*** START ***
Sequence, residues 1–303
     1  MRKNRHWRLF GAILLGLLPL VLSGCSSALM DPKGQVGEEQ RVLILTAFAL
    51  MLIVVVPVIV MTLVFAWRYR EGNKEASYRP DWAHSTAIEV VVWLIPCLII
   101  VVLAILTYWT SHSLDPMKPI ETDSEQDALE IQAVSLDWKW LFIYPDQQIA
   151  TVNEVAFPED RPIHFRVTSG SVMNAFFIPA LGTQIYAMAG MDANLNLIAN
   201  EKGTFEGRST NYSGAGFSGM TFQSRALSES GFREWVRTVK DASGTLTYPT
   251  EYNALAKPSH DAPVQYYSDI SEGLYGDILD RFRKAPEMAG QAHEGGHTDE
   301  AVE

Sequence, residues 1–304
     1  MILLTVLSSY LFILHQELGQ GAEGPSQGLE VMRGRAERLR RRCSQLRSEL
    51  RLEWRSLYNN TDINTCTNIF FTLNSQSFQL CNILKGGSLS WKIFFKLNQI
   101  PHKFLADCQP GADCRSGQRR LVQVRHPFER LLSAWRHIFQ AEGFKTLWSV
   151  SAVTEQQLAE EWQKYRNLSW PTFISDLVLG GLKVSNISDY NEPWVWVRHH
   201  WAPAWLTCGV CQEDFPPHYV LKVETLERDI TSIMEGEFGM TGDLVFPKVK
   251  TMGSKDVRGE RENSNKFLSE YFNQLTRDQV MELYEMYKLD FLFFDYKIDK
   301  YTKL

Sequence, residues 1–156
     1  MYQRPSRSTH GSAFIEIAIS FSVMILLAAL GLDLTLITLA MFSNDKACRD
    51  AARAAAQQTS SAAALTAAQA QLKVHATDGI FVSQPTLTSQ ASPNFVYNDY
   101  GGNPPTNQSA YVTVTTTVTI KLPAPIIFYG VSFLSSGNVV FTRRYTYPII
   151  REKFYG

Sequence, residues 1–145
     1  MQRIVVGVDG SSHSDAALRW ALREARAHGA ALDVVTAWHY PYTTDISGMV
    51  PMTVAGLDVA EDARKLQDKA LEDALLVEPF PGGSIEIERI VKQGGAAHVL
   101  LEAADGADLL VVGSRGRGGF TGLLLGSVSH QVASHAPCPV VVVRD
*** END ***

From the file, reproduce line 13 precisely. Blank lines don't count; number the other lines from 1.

   151  SAVTEQQLAE EWQKYRNLSW PTFISDLVLG GLKVSNISDY NEPWVWVRHH